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Calculating %, ppm, ppb, and ppt
Percent, ppm, ppb, and ppt, (parts per hundred, per million, per billion, and per trillion) are all
fractions. They all refer to the part of something of interest divided by the whole sample.
fraction = whole
Percent (%)
When you talk of percent, you're scaling the fraction up to 100
(per "cent" is per "hundred"), so:
percent = whole 100
If you have a room full of 25 people and 16 of them are women, the percent of women in the room
25 100 = 64%
You're basically scaling the fraction up to 100. So, the 64 represents the number of women you'd
have if you had 100 people and the same fraction or ratio of women/people.
Parts per Million (ppm) and more
Now, ppm is just the same except that you're scaling up to a million instead of a hundred. The
"ppm" value is the number of women you'd have if you have a million people and the same ratio of
25 1,000,000 = 640,000 ppm
For a ppb, it's scaling up to a billion, or:
25 1,000,000,000 = 640,000,000 ppb
This example isn't very useful for ppm or ppb, because we usually only use these quantities for very
small ratios, like if you had 6 women in a crowd of a 150,000 people. Then the "part" is 6 and the
"whole" is 150,000. The parts per million is then:
150000 1,000,000 = 40 ppm
Percent, ppm, ppb, and ppt
page 1
Revised by D Lingner, 11/23/2009
In chemistry, it's more like this: you have a 150 gram sample and you figure out that it contains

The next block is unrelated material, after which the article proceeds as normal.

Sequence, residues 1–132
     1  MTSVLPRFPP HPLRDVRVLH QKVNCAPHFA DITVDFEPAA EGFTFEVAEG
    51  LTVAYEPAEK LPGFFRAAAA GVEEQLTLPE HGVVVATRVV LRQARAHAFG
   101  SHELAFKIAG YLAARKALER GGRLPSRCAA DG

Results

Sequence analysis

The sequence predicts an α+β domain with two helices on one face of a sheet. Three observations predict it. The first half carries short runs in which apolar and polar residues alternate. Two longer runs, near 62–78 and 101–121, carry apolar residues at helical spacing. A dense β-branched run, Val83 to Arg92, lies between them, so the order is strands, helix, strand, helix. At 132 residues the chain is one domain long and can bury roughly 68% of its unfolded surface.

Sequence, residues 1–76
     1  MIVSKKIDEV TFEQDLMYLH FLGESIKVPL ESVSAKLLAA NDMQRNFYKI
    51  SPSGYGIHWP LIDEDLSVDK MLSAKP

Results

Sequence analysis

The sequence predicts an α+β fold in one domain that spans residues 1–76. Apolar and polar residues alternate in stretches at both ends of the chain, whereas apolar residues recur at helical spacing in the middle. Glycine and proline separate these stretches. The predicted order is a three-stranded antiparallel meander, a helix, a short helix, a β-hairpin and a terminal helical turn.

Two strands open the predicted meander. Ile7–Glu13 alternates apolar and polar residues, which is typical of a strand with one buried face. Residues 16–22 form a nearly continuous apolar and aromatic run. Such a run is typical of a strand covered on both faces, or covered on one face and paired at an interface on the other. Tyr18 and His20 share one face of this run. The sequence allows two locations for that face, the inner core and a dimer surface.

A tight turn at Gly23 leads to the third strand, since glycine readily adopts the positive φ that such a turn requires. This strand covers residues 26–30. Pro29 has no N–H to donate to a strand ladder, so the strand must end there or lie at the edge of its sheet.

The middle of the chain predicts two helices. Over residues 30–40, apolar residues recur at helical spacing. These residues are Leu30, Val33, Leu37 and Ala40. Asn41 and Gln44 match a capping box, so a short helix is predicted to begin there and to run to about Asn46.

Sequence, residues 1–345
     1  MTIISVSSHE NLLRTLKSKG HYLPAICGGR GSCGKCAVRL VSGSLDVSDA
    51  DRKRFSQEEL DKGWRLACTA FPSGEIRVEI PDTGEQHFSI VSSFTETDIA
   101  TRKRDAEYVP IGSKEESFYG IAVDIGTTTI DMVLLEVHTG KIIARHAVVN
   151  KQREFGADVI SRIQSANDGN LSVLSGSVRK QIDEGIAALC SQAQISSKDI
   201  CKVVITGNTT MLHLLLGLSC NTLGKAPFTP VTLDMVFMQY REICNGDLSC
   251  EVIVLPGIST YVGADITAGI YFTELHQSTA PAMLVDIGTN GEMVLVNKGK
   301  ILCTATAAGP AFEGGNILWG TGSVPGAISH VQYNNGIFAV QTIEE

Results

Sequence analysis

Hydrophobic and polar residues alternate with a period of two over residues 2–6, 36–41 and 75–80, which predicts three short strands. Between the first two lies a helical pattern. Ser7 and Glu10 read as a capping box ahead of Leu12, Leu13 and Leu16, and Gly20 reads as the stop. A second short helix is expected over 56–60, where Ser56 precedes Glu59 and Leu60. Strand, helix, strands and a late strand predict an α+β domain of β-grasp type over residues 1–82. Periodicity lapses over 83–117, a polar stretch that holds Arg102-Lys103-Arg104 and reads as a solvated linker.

0.00006 grams of gold. To express this in %, ppm, and ppb, you do the same sort of calculation as
above and it always involves the part/whole ratio:
0.00006 g
150 g 100 = 0.0.000040%
0.00006 g
150 g 1,000,000 = 0.40 ppm
0.00006 g
150 g 1,000,000,000 = 400 ppb
The "units" for the "part" and the "whole" always need to be the same, so you might need to do a
conversion first, so that the units cancel out on top and bottom.
Using Percent, Parts per Million, and Parts per Billion
Now, if you know the percent and want to use it in a calculation, it's worth rearranging things a little,
because "percent" means parts per hundred. It is the fraction that you need to use in these
calculations, not the percent itself (or ppm, or ppb).
So, if you have a room full of people and you know that it's 64% women, and you want to know
how many women are present if you also know there are just 25 people in the room (and you don't
feel like counting), then the calculation is
64 women
25 people 100 total people = 16 women.
What you've done here is use the fact that 64% means 64 per hundred, or 64 parts per hundred of
the whole.
In the chemistry example, you might know that a certain bottle of water contains 400 ppb gold by
mass. If you know that the water in the bottle weighs a total of 150 grams, you can use the 400 ppb
as (400 grams of gold per 1 billion grams of water), or
400 grams Au
150 grams water 109 grams water = 0.00006 grams of gold.
If you have 17,000 gallons of water (the volume of water in an average backyard swimming pool)
that is 400 ppb gold by mass, you can use some conversion factors and the density of water (1
g/mL) to get its mass, then use the ppb calculation to get the mass of gold in the pool:
3.785 L 1000 mL
400 grams Au
17,000 gallons of water 1 gallon 1 L
1 mL 109 grams water = 26 grams Au
At $28/gram, that's about $720 worth of gold in the pool, IF the concentration is correct.
Percent, ppm, ppb, and ppt
page 2
Revised by D Lingner, 11/23/2009